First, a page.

Reclining in the arms of her fiancee in a glamorous emerald gown, showing off their cute, matching side-shaved hairstyles, X Factor contestant Saara Aalto looks the picture of happiness in her OK! shoot this week.
The rising star reveals all about her engagement in the accompanying interview – including how her wife-to-be popped the question.
‘It was our two-year anniversary,’ she explains. ‘We got back home from a day at the spa and a nice meal. I washed off my make-up, put on my pyjamas and sat on the sofa.
‘[Meri] said: “Oh, we had a lovely day…” then “Will you marry me?” I was like, “You can’t do it when I look like this!”’
Clearly, Saara is a woman proud to be in a lesbian relationship. Indeed, she sometimes posts loved-up messages about Meri on social media. It’s amazing to see. It would’ve been unthinkable for someone in her position to be so casually out of the closet not so long ago.
So why hasn’t her sexuality been addressed on-screen? Is it a coincidence? Or is it by design?
Of course, there’s an argument that it doesn’t matter. The X Factor’s a singing show. And Saara’s epic talent speaks for itself. (Have you heard her version of Enough Is Enough?!).
Head judge Simon Cowell put it well when dismissing rumours around his own sexuality in 2014. ‘The question of whether someone is or is not gay is antiquated.’
I wish I agreed with him, but I don’t. Are we really at the stage where sexuality is so incidental? Where it’s so accepted that acknowledgment of it is by-the-by? I don’t think so.
Only a tiny number of contestants across The X Factor’s 13-year history have been open about their LGBTI identities while on the show.
Joe McElderry, for example, revealed he was gay in a newspaper interview months after winning in 2009. Meanwhile Will Young was smoked out after winning Pop Idol in 2002.
We’ve come a long way since then. Now we have Rylan, in all his fabulous turbo-charged camp glory, presenting The Xtra Factor. He’s even made on-screen jokes with Simon about gay sex.
But let’s not overstate it. We’re still massively under-represented on TV, and in popular culture. Especially lesbians and bisexuals. Therefore, Saara’s screen-time deserves scrutiny.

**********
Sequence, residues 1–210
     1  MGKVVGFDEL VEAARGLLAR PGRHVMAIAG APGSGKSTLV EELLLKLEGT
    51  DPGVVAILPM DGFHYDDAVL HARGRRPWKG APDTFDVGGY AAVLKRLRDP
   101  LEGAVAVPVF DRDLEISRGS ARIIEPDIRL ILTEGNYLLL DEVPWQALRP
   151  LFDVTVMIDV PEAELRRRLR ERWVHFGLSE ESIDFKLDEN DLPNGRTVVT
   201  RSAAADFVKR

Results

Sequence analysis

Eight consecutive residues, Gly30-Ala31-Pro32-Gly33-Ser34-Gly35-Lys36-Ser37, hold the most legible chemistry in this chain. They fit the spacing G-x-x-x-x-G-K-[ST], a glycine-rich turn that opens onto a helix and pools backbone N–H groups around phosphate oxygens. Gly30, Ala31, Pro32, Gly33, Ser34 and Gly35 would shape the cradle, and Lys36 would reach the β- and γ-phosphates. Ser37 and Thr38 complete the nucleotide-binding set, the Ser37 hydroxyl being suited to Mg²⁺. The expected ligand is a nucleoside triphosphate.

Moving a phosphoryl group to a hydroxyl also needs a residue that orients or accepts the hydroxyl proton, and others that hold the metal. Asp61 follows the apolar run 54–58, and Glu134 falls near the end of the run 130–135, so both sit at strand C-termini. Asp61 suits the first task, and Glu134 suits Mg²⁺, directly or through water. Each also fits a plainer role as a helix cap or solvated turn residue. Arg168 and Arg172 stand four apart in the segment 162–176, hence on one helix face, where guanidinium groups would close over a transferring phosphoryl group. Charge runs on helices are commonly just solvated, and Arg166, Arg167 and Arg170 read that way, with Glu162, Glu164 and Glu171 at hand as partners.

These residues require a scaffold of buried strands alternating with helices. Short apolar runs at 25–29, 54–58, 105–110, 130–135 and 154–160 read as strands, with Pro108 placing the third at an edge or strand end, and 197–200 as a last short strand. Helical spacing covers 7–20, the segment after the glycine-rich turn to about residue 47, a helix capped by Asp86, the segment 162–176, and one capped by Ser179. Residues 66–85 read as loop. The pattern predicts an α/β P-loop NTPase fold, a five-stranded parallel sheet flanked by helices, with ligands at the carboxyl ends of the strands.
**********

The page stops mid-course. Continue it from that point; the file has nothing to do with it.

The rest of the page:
Perhaps there’s nothing in it. Indeed, an X Factor source has told us: ‘Saara is totally comfortable with her sexuality and has been very open about it in interviews and on social media but it isn’t a defining factor for her in The X Factor.
‘As with any other contestant, Saara’s sexuality isn’t relevant to her performances which are the main focus in show.’
But playing devil’s advocate, what if Saara is in a glass closet? Is that OK if it’s her choice? Or Meri’s?
Or is it all down to controlling producers trying to muzzle her? If so, that’s not OK.
Sure, the idea seems far-fetched in 2016. We can’t imagine Saara’s mentor Sharon Osbourne standing for it. The fierce LGBTI campaigner has spoken openly about her bi-curiosity, after all. Plus, she designed GSN’s 2016 tote bag.
But what if Saara is being suppressed? That would be outrageous – not to mention unfair.
Historically, other (heterosexual) acts have gotten to introduce their partners to the general public through their VTs. (Although only a small minority of this year’s 18 finalists have). And those VTs are as crucial to an act’s survival as the performances themselves. The more personal and intimate the performer’s relationship with their fans, the more votes they’ll receive.
But perhaps the fear is those rules don’t apply in Saara’s case. Perhaps she’s being presented in a certain way for her own good. And that idea is even more concerning.
If her sexuality is underlined, might she, and therefore the show, lose votes? She’s been in the bottom three times already. It’s possible.
Indeed, Sara’s fiance has a butch look, which I love. But I can imagine how it would go down with Middle England, in the current political climate – especially given the fact that Meri, like Saara, is from Finland. Imagine if they were shown kissing; the vile, homophobic tweets write themselves, don’t they?
This is a complicated situation, and I’m not looking to trash a show that I’ve enjoyed for 13 years. But I want to make my disappointment clear.
Saara needs the space to be herself. (Her performance of the lesbian subtext-heavy Let It Go not withstanding.)
Given her openness about her sexuality elsewhere, I would hope she’d jump at the chance to talk about it on TV. And I think The X Factor has a responsibility to at least offer her that opportunity. For better or for worse.
Either way, though, we’re backing you to the end, Saara. Because you’re amazing exactly as you are!
Gay Star News has approached Saara and The X Factor for comment. The X Factor is on ITV on Saturday 26 November at 8pm.